• Only executing the while loop and incrementer and not creating a MyClass object at all only increases the "score" by 7%

  • Your "MyClass" contains an integral value type (int) and two reference types (string and Datetime). Datetime is itself an object reference type which may contain other value and reference types.

  • Changing the definition of MyClass substantially changes the numbers (number of objs created as percent of original)

    • string/int/Datetime 100%

    • string/int 113%

    • string 120%

    • int 122%

  • The first run of each series was slower than the average by about 25% but was not the slowest run in the series

Zach Burlingame
04/14/2011 12:50 PM by
Zach Burlingame

Here is the code I used in case anyone cares:

using System;

using System.Diagnostics;

namespace CLRObjectCreationTest

{

internal class Program

{

private static void Main(string[] args)

{

  Int64 totalObjectCount = 0;

  Int64 totalElapsedTimeInMS = 0;


  const int numberOfRuns = 60;

  const int lengthOfRunInMS = 1000;


  for (int run = 0; run < numberOfRuns; run++)

  {

    MyClass[] myClasses = new MyClass[50000000];

    int numObjs = 0;


    Stopwatch sp = Stopwatch.StartNew();

    while (sp.ElapsedMilliseconds < lengthOfRunInMS)

    {

      myClasses[numObjs] = new MyClass();

      numObjs++;

    }

    sp.Stop();


    Console.WriteLine("Number of objects created {0} in {1} seconds.", numObjs,

                      (sp.ElapsedMilliseconds/lengthOfRunInMS));

    totalObjectCount += numObjs;

    totalElapsedTimeInMS += sp.ElapsedMilliseconds;

  }


  Console.WriteLine("Average number of objects created {0} in {1} seconds.", (totalObjectCount/numberOfRuns),

                    totalElapsedTimeInMS/(numberOfRuns*lengthOfRunInMS));

}

}

public class MyClass

{

public string a;

public int B;

// public DateTime C;

}

}

Josh
04/14/2011 01:31 PM by
Josh

First run was only 25,009,970, but after that I averaged about 25.56-25.57 million per run. Not too shabby.

Hardware: i7-2600k OC to 4.6ghz, 16gb ddr3-1600, cheapie SSD, win7x64.

remi bourgarel
04/14/2011 03:06 PM by
remi bourgarel

Maybe I made a mistake but by pub yo mean draft beer, old painting on the wall....

It's really fun to read a useless challenge becoming a serious discussion (with code, blog post, technical spec and all). You guys must be the best booze pal ever.

In how many milliseconds do you think you can go from int.MinValue to int.MaxValue ? or get a StackoverfloxException ?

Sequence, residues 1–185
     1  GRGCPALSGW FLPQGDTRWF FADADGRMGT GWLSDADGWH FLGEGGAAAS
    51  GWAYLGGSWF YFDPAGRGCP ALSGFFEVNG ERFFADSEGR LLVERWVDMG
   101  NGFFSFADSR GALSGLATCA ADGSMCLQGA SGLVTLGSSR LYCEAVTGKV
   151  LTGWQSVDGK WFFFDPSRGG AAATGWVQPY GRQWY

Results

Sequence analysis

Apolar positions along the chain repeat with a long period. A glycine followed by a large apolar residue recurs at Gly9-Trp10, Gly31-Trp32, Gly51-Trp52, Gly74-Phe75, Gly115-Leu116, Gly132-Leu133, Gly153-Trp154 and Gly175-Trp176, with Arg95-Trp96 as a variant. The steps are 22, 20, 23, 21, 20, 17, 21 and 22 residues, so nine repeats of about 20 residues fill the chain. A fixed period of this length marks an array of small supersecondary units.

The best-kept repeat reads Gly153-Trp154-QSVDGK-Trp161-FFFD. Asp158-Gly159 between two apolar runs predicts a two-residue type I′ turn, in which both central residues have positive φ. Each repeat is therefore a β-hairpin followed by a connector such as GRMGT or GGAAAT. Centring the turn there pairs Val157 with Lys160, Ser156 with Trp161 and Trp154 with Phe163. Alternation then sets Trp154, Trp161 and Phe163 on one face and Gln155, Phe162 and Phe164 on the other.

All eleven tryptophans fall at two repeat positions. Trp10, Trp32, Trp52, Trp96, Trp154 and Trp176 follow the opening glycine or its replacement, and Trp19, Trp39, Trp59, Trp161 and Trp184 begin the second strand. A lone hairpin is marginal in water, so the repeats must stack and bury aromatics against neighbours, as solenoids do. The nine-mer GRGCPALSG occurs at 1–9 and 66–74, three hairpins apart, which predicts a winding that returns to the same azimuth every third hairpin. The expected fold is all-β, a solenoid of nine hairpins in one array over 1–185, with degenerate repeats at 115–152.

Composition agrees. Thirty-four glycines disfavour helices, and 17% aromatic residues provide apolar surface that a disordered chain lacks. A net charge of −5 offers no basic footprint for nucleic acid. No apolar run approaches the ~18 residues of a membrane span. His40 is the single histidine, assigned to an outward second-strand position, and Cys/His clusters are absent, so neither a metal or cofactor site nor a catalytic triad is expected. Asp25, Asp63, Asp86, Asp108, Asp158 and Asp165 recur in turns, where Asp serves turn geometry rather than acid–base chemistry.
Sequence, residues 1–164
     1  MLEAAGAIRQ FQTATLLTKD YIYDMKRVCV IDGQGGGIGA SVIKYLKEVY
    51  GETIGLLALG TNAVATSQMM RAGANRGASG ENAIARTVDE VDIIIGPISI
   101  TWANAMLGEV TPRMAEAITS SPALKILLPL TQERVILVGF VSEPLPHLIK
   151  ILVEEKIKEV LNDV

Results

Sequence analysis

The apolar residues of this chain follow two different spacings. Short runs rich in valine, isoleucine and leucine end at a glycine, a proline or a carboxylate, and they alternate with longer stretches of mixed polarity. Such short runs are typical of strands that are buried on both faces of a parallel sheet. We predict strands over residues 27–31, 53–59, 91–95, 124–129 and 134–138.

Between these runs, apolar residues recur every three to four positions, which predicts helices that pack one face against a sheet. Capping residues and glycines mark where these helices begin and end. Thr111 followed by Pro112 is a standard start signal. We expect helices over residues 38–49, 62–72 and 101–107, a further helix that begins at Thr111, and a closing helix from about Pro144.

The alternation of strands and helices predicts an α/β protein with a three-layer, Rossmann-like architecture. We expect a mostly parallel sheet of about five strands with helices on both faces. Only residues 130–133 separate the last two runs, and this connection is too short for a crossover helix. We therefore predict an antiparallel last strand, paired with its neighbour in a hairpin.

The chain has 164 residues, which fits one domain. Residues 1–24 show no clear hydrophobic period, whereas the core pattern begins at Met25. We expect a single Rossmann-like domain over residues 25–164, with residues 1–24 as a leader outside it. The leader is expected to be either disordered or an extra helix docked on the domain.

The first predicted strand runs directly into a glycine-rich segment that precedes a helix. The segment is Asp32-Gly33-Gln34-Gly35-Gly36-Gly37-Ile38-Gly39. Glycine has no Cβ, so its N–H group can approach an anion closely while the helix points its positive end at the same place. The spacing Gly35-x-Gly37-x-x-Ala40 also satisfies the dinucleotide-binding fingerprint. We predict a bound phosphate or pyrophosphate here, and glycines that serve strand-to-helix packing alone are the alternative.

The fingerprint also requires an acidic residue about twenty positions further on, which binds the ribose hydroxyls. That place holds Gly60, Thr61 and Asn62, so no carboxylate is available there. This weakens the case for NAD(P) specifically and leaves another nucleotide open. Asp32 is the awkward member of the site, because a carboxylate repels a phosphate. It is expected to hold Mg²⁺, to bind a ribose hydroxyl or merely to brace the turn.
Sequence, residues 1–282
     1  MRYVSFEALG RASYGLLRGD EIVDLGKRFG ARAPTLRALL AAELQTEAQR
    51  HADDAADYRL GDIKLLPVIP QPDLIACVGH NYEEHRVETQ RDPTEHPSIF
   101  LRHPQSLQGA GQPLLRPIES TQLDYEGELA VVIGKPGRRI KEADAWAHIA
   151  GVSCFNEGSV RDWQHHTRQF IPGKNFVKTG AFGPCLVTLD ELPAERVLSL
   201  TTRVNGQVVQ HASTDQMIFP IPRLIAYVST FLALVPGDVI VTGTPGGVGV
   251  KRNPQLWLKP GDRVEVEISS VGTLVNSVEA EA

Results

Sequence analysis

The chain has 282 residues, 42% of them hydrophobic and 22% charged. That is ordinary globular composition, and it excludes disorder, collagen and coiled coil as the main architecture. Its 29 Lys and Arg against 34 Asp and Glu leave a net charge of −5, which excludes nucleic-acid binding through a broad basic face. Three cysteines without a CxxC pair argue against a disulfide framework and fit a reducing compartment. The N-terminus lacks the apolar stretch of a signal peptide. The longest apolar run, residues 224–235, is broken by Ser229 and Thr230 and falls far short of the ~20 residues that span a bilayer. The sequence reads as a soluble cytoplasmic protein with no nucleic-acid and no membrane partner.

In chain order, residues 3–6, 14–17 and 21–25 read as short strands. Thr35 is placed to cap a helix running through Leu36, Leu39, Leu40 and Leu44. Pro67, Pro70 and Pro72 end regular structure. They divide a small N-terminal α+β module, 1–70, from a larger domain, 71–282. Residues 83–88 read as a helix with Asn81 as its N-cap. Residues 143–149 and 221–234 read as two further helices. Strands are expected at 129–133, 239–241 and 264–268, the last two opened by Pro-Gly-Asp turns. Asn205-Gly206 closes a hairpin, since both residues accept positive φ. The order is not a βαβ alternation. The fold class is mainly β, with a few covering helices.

Stefan Wenig
04/14/2011 04:05 PM by
Stefan Wenig

Whoa, performance myths on top of performance myths!

You're only measuring the stopwatch performance of here, object creation is way faster. Which leads people to all kinds of wrong conclusions, of course (java is faster, new is optimized away...)

int reps = 100000000;

sp.Start();

for (int j = 0; j < reps; ++j)

  new MyClass();

sp.Stop();

Console.WriteLine("Created {0} in 1 sec", reps/sp.Elapsed.TotalSeconds);

Created 14631788 in 00:00:01

becomes

Created 202107618,669004 in 1 sec

@zach: the performance impact you get is from GC. without storing the references, its all done in generation 0 which is fast. but the objects are created either way.

Ryan Heath
04/14/2011 05:18 PM by
Ryan Heath

@Stefan

You should at least bump reps up to 210.000.000 because now your program is lying to you :P

// Ryan

Zach Burlingame
04/14/2011 05:26 PM by
Zach Burlingame

@Stefan - You are correct that the objects are created either way. I should have gone to the MSIL earlier. You can see below that it IS making the newobj call. I haven't dug enough beyond this to confirm if it is GC0 vs GC1 or the stopwatch, or the conversions, or some of the other overhead involved that is causing the slow down.

Using your code, I can confirm that I too get much higher numbers (now ~207M obj/s vs 15M obj/s) using a single thread (and around 475-500M obj/s using 8 threads).

Created 206799368.856598 in 1 sec

Here is the (relevant) C# code:

...

while (sp.ElapsedMilliseconds < lengthOfRunInMS)

{

new MyClass();

numObjs++;

}

sp.Stop();

.....

public class MyClass

{

public string a;

public int B;

public DateTime C;

}

And the resulting IL:

.entrypoint

// Code size 146 (0x92)

.maxstack 4

.locals init (int64 V_0,

       int64 V_1,

       int32 V_2,

       int32 V_3,

       class [System]System.Diagnostics.Stopwatch V_4)

// Cut a bunch of code here

// Create, store, and start stop watch